Former Bundesbanker Edgar Meister called at the weekend for changes to the ECB's one-country, one-vote rule, saying it was "unbelievable" that a country such as Germany that was shouldering the biggest burden in the crisis could be overruled by central bankers from smaller countries that have already been rescued or are at risk of a bailout.

Norbert Barthle, a senior lawmaker from Merkel's Christian Democrats (CDU) who sits on parliament's budget committee, told Reuters that Stark's exit was "a rejection of the policies that the ECB has pursued and a clear signal that the situation in the broader euro zone has reached a really critical point."

 

(emphasis added)

This reaction mirrors our own assessment as mentioned in Friday's missive. Evidently Stark's departure signals a possible policy shift at the ECB in the direction of looser and more interventionist monetary policy in the looming post Trichet era. Although Trichet's heir designate Mario Draghi, currently governor of the Bank of Italy, is reportedly a 'hawk' as well (his colleague on the ECB's board, Lorenzo Bini-Smaghi definitely is one), it seems obvious to us  that things that were not possible under Trichet may become possible under Draghi. For politicians eager to preserve the current configuration of the euro-area at all costs, letting the central bank do some of the heavy lifting by inflating the currency seems an 'easy way out'. Hey, if the SNB can 'flood the markets with money', and Heli-Ben across the pond can do it, why not the ECB too?

And yet, in Germany there is a significant interest group that stands fully behind an ECB modeled after the Bundesbank: a conservative entity that does not risk the currency's stability with its policies. Germany's 'institutional memory' is informed by the ravages of the Weimar Republic's hyperinflation and the economic, social and political chaos it provoked.  If it were to come down to trying to 'save Greece by inflating', or 'letting it default while refusing to inflate', many politicians in the EU probably would rather choose the first option. In Germany  massive resistance to such a course must be expected.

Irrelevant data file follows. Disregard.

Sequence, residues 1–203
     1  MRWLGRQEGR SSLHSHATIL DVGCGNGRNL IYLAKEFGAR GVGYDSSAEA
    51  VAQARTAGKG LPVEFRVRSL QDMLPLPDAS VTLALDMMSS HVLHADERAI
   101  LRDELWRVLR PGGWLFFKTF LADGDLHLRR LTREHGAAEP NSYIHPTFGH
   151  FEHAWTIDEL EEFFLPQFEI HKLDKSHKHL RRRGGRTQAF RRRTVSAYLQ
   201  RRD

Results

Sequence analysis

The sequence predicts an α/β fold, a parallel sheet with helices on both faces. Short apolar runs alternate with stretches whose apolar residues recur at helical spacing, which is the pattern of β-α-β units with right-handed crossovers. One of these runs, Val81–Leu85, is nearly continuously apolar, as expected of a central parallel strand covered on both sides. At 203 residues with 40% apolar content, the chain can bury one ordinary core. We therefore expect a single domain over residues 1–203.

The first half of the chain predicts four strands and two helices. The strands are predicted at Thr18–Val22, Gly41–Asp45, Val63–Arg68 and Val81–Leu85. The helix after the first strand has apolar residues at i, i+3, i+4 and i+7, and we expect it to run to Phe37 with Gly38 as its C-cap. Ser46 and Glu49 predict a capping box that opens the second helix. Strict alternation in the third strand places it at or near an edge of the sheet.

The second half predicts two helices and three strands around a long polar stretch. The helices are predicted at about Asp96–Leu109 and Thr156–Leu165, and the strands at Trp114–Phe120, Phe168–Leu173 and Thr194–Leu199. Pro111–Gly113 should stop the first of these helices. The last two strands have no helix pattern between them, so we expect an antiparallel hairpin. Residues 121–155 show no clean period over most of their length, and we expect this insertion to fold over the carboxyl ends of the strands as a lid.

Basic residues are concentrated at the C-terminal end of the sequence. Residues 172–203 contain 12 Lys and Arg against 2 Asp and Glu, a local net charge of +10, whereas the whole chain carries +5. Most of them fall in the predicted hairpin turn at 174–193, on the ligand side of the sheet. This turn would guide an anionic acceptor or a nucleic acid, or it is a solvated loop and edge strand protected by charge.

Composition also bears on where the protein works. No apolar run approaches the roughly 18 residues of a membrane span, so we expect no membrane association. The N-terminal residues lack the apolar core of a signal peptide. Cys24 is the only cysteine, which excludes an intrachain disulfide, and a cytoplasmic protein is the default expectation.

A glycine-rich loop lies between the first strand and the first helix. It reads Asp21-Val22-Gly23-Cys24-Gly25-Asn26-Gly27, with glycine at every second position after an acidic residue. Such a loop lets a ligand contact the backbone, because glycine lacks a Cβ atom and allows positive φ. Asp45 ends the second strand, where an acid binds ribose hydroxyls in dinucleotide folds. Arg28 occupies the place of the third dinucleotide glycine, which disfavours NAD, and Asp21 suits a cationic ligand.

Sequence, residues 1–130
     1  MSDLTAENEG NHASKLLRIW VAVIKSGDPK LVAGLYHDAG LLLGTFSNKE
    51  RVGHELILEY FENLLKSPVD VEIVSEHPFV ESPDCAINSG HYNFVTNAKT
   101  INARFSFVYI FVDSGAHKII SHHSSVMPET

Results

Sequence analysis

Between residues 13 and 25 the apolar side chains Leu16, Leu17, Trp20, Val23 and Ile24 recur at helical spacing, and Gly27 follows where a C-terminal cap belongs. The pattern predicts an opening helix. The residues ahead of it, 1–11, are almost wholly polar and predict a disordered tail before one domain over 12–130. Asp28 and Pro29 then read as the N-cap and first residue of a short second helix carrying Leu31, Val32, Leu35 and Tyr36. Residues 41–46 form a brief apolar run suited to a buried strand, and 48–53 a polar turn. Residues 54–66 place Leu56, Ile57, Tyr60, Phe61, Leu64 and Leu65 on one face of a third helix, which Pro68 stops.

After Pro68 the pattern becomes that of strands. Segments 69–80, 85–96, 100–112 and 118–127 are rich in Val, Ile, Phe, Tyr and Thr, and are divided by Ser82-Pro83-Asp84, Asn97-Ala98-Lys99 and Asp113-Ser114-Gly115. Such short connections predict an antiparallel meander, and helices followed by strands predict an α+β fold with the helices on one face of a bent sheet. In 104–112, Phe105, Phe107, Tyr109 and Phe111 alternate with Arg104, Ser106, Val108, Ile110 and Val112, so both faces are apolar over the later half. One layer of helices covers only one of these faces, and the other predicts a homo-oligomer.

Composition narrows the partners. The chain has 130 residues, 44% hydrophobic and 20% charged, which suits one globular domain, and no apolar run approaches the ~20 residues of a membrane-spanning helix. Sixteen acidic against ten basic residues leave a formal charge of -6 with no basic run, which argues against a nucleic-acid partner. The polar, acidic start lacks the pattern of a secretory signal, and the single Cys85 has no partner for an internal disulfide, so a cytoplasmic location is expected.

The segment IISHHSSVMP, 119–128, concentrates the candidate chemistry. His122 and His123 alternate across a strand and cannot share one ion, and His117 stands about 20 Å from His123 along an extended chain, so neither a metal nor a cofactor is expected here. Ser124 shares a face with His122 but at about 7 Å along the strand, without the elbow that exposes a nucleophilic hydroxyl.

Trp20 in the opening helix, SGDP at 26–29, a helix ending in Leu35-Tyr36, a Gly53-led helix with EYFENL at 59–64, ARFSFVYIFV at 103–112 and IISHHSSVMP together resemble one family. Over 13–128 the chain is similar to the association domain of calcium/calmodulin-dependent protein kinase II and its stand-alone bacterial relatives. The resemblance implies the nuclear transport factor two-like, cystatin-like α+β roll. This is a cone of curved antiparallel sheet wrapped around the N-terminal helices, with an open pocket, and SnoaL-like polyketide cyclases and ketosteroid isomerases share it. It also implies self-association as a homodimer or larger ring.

We are of course doubtful of everything the central monetary planning agency does. While official 'CPI inflation' rates in the euro-area have remained tame over the  period of the ECB's reign, it would be entirely wrong to assert that it has 'kept inflation under control'. The euro area's money supply TMS increased by roughly 130% in just one decade. The ECB accommodated a massive credit expansion that ushered in housing bubbles in many euro area nations and enticed some governments to incur far more debt that their economies could possibly support in case of an economic downturn.

 


 

Euro area true money supply TMS – although growth has flattened since early 2010, this aggregate has grown by 130% since the end of the year 2000 Data via Michael Pollaro – click for higher resolution.

 


 

In short, although the ECB has fulfilled the 'price stability mandate', Germany's  politicians are quite wrong if they believe that it has 'kept inflation in check'. A failure to understand what Ludwig von Mises called the 'money relation' is behind this erroneous assessment. The influence of money on the money prices of goods and services depends not only on the supply of money, but also the demand for money and the supply and demand of goods and services.

A rise in the prices of final goods is only one of the many possible effects of money supply inflation, and not the most pernicious one. Moreover it may arrive with a considerable lag time.

Clearly the boom-bust sequence that has led to the current crisis is an effect of the increase in the supply of money and credit in the euro area over the past decade. In addition,  in the wake of the adoption of the euro, interest rates of new member nations converged on the low rates pertaining in Germany, inducing an enormous borrowing spree.

If indeed a much looser ECB policy is considered as a policy option, then yet another error will be heaped on top of all the previous errors.It will be interesting to see how European stock and credit markets act on Monday morning. As we have pointed out on Friday, the increasing worries over Greece continue to pummel the banking sector and keep driving peripheral government bond yields and CDS prices higher. European stock markets ended last week on the edge of a precipice – just barely above or right at the lows seen over the past several weeks. At the time of writing the European open is still several hours away, but a break below these levels can be expected to invite even more selling. By the time our US readers read these  words we will already know more.

 


 

The euro is breaking down – this chart show the euro's level at the close of Friday's NY trading session – click for higher resolution.

 


 

A 5 minute chart of the euro at the time of writing – sinking further in Asian trading – click for higher resolution.

 


 

 

Charts by: StockCharts.com, TFC-commodity charts, Michael Pollaro.